by Janis Patterson
Being a writer is a hard life. Not only do you have to come up with a multitude of ideas that you can shape into a coherent, interesting story, you have to then write the thing, all the while you have to check your facts, make sure your grammar and spelling are correct and your character names are appropriate to the time of the story. Then once the book is finished, you have to edit it to the best of your capability. Once that is done you can start the unholy dance of submitting it to agents/editors and waiting for months if not years for an answer. Then even later once the story is contracted you begin editorial combat, reworking your story to fit their prejudices and guidelines. Sometimes more than once. Then you continue to wait until your time comes up in their publishing schedule, which again can be more than a year. Or two. Or, if you are self-publishing, you send your story to an independent editor for their version of editorial combat. This time, however, you have the final say – it is your story after all – but never forget that you are paying them for their expertise and you very well may be too close to the story to see the holes. Then you get do work with cover artists, formatters, publicity/advertising and the various vendors.
Ain’t none of it easy. Any way you look at it, writing takes time, some money and an emotional toll.
That just adds insult to injury when others take your stories and either give them away for free or, what is worse, sell them without your permission and with no benefit to you. There’s a reason they’re called pirates.
Now of course I’m not talking about the promotions the author her/himself does through legitimate outlets. I don’t always agree with that attitude – training readers to expect a full book that has taken perhaps several years to write for nothing or for a pittance cannot be good for any of us or for the industry as a whole. Plumbers and carpenters and pastry chefs and just about everyone else don’t give their services for free or close-to-free in hopes that you’ll come back to them when you’re ready to spend money. More and more most people will just go on to the next freebie. However – free or .99 is a legal decision when made by the owner/author.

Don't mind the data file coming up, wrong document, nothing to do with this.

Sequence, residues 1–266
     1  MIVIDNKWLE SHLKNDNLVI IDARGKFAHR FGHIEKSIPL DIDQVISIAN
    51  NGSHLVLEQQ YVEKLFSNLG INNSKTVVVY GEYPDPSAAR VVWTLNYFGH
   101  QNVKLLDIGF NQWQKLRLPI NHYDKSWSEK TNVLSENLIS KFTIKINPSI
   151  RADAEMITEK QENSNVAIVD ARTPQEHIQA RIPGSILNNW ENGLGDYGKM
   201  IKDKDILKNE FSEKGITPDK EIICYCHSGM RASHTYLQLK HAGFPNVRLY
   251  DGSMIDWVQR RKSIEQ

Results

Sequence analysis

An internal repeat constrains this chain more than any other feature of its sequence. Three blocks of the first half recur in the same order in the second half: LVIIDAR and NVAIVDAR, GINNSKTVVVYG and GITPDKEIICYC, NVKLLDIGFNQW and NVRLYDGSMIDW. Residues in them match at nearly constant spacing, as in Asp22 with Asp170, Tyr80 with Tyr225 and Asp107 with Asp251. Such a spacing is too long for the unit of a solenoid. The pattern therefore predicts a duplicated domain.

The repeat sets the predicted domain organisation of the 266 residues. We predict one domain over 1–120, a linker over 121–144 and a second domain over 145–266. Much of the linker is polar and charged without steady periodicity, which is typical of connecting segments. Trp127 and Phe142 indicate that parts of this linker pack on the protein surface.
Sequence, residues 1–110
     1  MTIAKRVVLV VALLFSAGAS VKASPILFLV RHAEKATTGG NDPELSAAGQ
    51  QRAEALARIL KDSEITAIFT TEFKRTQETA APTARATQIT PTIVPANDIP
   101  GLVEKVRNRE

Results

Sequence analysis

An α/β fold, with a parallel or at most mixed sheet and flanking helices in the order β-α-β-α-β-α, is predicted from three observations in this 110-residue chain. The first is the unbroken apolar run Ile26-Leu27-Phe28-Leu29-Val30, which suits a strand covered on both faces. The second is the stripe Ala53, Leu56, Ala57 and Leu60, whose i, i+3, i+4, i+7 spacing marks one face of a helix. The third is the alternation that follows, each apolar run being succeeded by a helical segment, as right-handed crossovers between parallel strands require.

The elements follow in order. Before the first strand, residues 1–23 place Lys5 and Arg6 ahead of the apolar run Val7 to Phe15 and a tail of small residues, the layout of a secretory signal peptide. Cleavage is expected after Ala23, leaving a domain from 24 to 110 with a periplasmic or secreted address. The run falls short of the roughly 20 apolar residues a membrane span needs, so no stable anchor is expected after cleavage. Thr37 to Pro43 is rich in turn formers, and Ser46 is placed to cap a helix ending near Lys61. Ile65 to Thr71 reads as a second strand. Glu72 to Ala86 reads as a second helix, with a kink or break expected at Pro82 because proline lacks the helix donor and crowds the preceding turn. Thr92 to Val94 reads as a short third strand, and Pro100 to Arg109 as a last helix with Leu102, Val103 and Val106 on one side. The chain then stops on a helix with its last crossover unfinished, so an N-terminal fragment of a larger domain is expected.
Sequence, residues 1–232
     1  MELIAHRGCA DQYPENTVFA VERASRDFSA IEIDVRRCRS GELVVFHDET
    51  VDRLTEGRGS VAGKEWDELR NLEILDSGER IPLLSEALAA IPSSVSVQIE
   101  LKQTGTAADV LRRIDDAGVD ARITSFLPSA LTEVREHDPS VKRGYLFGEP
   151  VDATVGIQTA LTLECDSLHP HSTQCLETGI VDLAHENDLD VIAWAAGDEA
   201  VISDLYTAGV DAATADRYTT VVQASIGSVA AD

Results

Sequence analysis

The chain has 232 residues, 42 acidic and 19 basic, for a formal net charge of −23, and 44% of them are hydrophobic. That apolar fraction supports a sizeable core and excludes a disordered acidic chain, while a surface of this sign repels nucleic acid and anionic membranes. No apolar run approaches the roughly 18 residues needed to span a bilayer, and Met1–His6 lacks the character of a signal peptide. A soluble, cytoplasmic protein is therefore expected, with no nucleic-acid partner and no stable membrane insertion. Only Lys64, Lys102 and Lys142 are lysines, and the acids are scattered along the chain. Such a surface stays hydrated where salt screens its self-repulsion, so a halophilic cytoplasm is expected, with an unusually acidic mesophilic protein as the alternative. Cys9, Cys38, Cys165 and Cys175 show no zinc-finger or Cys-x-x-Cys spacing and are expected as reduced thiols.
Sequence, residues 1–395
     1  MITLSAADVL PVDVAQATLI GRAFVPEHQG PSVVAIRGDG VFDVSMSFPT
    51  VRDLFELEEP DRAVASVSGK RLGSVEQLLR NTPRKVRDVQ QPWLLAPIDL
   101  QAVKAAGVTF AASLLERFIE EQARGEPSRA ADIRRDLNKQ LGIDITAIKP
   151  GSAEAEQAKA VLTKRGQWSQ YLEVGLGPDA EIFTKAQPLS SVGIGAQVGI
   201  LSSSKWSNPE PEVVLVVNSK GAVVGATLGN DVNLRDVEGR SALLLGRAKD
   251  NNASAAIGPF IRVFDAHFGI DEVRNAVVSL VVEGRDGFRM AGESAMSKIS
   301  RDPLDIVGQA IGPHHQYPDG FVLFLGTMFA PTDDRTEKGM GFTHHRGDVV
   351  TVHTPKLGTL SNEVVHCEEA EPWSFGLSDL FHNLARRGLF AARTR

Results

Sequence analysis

What really frosts me is the blatant way in which our works are simply taken. “If it’s on the internet it has to be free” is something we hear a lot. Pirate sites simply scoop in books and give them away to anyone. To my mind that’s theft, but apparently beyond a feeble ‘that shouldn’t be’ our legal agencies aren’t doing much of anything to stop it.
Amazon itself is fostering a kind of theft – the returns scam. A customer will buy a book, read it, then return it for full credit, which is then subtracted from your earnings. Now I’ve returned a book I’ve bought – when I find out it isn’t the book I thought it was, or my sometimes unreliable and arthritic hands click when I don’t mean them to, or some other legitimate reason, but almost always within the space of twenty-four hours, and not very often – like less than once a year. However, some people brag that they get the books, read them and return them – sometimes as many as four or five a week! I know Amazon is proud of its commitment to customer service, but surely they should be able to see that this is a form of theft, not only from us but from them! Surely they keep some kinds of record about who returns what and when…